He should be seen to be the President of all Nigeria, and no region should feel disadvantaged because it voted a rival candidate. This is not to suggest that he shouldn’t be firm and allow law breakers to get away with it. It means he should be fair -and fair to all.

Those on the other side of the political divide, who lost out in the elections must be willing to sacrifice too. They must realise that the election has been won and lost, and burning down their towns, killing strangers and generally causing trouble would not change that fact. The fact that whether we like it or not, the man called Goodluck Ebele Jonathan will be our President for the next four years except fate or the courts say otherwise. This is the time to put our grievance aside, shelve regional sentiments and embrace our Nigerianness.

It is understandable why the presidential election whipped so much sentiments. Choosing a leader of a complex and heterogeneous society like ours is not a piece of cake. Besides the fact that election will decide the direction the country will go, depending on the policy, competence and worldview of the leader, it also gives psychological satisfaction to many that “their brother is in power”.

The connection between the President and that ‘brother’ may just be the fact that they are of the same ethnic stock or even more extraneous from the same region.

The Presidential election therefore is more than voting a competent person in power; in a way it is also about a competition between different regions. The general perception is that a person from the same region as you will be more favourable and site more projects in your region. This, of course, is a fallacy. A competent and broadminded leader can ensure robust development across the country and ensure that not only his ‘brothers’ from the same ethnic group or region get juicy contracts.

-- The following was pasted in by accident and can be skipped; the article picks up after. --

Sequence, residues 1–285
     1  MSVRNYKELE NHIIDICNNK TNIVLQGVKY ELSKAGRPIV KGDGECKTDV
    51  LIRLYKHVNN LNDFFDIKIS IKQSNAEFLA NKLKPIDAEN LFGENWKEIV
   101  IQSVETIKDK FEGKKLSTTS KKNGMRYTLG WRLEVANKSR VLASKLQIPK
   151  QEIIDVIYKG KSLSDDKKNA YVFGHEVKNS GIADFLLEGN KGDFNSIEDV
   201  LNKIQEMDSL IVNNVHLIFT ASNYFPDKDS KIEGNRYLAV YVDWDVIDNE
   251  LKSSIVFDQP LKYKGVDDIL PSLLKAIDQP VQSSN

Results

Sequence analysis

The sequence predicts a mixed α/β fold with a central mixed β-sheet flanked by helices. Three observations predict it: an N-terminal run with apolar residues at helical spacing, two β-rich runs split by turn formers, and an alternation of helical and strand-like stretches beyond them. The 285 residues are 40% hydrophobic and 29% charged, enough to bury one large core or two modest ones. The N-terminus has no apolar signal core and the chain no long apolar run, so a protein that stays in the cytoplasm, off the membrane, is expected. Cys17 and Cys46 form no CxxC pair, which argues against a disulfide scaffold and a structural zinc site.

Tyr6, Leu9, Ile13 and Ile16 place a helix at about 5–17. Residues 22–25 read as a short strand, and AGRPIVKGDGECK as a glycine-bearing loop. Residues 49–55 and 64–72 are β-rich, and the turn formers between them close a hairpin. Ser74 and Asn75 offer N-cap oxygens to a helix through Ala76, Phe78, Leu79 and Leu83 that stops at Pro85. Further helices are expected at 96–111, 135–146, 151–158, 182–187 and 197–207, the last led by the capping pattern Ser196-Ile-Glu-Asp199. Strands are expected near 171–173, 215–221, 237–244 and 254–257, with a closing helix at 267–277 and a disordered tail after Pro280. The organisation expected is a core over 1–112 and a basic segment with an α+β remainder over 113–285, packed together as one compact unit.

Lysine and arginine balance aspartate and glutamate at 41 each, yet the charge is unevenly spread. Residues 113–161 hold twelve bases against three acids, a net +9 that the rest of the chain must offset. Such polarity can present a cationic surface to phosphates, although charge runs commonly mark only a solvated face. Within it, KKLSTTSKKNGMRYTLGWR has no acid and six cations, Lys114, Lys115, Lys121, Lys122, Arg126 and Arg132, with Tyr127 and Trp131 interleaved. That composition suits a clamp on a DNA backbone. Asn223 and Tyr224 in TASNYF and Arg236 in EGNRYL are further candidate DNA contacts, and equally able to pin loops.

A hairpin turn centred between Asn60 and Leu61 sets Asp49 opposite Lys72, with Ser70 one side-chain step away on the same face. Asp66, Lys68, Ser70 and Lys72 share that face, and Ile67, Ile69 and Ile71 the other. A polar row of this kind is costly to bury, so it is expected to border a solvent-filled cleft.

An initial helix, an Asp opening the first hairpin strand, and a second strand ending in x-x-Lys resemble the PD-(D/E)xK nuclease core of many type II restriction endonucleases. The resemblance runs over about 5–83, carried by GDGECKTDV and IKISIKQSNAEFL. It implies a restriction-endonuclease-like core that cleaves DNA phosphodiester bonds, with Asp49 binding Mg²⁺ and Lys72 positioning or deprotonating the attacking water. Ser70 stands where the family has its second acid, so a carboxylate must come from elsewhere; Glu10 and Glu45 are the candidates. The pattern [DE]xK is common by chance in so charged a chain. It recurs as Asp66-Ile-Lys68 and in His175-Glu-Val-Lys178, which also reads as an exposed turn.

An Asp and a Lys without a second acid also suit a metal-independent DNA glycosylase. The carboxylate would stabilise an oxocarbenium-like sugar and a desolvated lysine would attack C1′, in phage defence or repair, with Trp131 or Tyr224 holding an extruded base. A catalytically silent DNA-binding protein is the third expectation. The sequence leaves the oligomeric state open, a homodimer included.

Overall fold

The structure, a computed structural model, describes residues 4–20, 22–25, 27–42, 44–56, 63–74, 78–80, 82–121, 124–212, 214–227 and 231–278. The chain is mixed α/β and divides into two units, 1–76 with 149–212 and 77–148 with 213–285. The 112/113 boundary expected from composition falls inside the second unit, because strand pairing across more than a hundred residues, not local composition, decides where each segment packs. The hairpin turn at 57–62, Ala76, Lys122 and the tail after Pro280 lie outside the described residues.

It is this feeling that you would be shortchanged if people of other regions get all the valuable portfolios that creates unusual tension and gives the election ethnic and regional bias. True, there is historical basis for the fears as in the past we have had myopic leadership that pursued narrow regional interest.

But nothing in his appointments and comments suggests that President Jonathan is this shortsighted and that kind of man. So we should give him the benefit of the doubt and support, even if cautious support.

It is a good thing that a Judicial Commission of Enquiry has been inaugurated.  It provides an historic opportunity to really dig deep and discover what is behind this dangerous tendency to burn and kill when election results don’t go the way we projected. Gratefully, members of the panel appear to be people of integrity and who would not compromise and be used to witch-hunt anyone.

They would hopefully make far reaching recommendations and the government will be bold enough to implement them. Even more critical is the need for  Nigerians to allow them do their work and not bog them down by frivolous court cases. Like in all things, the government has a role to play. So do we!

Mr. BY JULIUS OGUNRO, a pulic affairs analyst, wrote from Abuja